A voice rang out, “Yeah, except for your friends.” I responded, “And you’re the first ones for extra duty.” I pointed my finger at two recruits at the end of the row. It was the two recruits who had beaten up the previous company commander.

As we marched back to the barracks, I said to myself, “I’m crazy to give them extra duty. They’ll kill me.” But I followed the rule of a good teacher or parent, “If you make a threat, you have to carry it out.” So, I sent the two recruits out for extra duty.

“We’ll get you, Druger,” they threatened as they left the barracks.

“You deserved it,” I said, with a shaking voice.

Several months after I returned home from basic training, I found a note taped to the door of our apartment. “We were here, you weren’t. We’ll be back,” written in red.

I told my wife about the two recruits who had threatened me, so that she would know who to blame if something happened to me. Well, the note was from my brother and his wife, written in red lipstick. Whew!

Another memorable event in my training period was when I was second battalion commander. A battalion consists of hundreds of men divided into companies. A very high-level officer came to the base to observe the marching. There was a regimental commander at the head, followed by the first battalion commander with a horde of marchers, then the second battalion commander with a large group of marchers. Everyone was standing with a rifle by their side.  The protocol was to issue commands that would get the men to lift their rifles to their shoulders before marching. The regimental commander yelled, “Regiment.” The first battalion commander yelled, “Battalion.” I yelled to my men, “Battalion.” “Right shoulder,” yelled the regimental commander. “Right shoulder,” echoed the first battalion commander. “Forward,” I yelled. My troops started walking forward with their rifles dragging along with them. Whoops! Somehow, I didn’t lose my job as company commander.

The base commander was fanatic about the raising and lowering of flags. There were two flagpoles, one with the Coast Guard flag and the other with the American flag.  The commander would always watch the raising of the two flags from his window. A maze-like pathway led to the different flagpoles. I carried the American flag, accompanied by four honor guards. I marched them along the zig-zag pathway and stopped in front of the flagpole. I looked up. It was the wrong flagpole.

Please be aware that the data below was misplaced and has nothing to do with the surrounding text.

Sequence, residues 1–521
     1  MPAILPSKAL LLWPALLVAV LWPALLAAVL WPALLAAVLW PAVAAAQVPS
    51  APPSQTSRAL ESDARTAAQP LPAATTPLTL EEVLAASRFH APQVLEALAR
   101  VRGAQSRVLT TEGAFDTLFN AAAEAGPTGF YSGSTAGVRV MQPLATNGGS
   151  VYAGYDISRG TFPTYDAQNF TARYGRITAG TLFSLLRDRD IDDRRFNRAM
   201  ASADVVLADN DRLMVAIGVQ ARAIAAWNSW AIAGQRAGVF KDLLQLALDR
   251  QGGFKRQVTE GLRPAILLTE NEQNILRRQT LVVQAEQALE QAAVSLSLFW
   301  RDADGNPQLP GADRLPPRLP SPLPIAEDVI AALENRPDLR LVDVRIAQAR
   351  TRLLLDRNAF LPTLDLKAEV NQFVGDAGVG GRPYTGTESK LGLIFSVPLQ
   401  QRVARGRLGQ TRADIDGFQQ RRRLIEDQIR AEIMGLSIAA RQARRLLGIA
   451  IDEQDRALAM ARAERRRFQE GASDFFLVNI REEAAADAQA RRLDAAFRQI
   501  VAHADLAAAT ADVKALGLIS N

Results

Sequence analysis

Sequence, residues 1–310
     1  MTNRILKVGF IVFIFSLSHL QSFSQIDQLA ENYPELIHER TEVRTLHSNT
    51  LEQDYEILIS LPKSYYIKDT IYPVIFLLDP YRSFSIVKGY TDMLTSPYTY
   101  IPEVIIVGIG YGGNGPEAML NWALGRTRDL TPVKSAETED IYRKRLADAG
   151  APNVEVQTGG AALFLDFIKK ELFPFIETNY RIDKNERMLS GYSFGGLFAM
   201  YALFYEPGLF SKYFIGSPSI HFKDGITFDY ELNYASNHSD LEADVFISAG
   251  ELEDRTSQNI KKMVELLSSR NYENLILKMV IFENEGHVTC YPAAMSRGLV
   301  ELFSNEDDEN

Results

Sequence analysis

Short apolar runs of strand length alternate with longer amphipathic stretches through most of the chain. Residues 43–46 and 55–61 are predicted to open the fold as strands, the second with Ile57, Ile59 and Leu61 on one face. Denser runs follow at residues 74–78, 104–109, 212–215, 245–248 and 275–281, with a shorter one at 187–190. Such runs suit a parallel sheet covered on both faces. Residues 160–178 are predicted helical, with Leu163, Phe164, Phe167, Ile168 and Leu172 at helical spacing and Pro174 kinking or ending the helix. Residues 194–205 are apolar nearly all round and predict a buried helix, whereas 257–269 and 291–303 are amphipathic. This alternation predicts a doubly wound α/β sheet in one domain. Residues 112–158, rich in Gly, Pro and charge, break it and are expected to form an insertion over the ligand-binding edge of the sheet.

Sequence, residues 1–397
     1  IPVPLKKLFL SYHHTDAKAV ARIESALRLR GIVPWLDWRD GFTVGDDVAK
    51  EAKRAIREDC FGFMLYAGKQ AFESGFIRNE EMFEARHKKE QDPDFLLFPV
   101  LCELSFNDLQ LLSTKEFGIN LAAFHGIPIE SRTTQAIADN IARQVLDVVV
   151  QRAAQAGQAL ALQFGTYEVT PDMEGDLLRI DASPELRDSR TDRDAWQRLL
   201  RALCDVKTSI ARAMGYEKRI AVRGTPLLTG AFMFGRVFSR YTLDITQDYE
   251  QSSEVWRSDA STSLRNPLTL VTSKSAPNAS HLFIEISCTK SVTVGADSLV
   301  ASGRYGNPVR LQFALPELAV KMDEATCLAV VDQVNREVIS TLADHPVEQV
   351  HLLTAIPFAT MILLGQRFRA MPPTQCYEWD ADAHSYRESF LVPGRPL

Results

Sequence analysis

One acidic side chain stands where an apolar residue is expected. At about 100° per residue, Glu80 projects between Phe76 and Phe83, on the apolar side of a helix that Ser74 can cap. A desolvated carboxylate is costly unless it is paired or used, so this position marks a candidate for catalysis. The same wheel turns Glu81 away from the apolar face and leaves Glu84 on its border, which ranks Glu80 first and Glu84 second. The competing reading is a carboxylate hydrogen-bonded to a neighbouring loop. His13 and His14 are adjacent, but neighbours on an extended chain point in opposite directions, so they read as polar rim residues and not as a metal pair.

“About face!” I commanded and we zig-zagged our path back to the other flagpole. Again, I didn’t lose my job as company commander.

I was very active during basic training, and I even took up boxing. On one occasion, I badly beat an opponent in boxing. His friend decided to get even. He boxed me and landed an uppercut that made me see stars, and ended my boxing career. I can still envision those stars.

When I returned home, I was on inactive duty for seven years. I had my bag of Coast Guard clothing ready for immediate use. But, there were no wars during that period. I finally received an honorable discharge along with a very nice diploma. My wife refused to let me frame and hang the diploma.

“You should be ashamed of yourself,” she said. “Your friends were drafted into the army, served overseas in potentially dangerous situations and you were in the Boy Scouts for a few weeks.”

So, the discharge diploma remains hidden in my attic.

In a way, I am ashamed of my period of military service, compared to countless others who served during wars and were wounded or lost their lives. But, even during war, there is humor and military personnel all have humorous tales to tell. How else can they keep sane amidst the irrationality, cruelty and stupidity of war?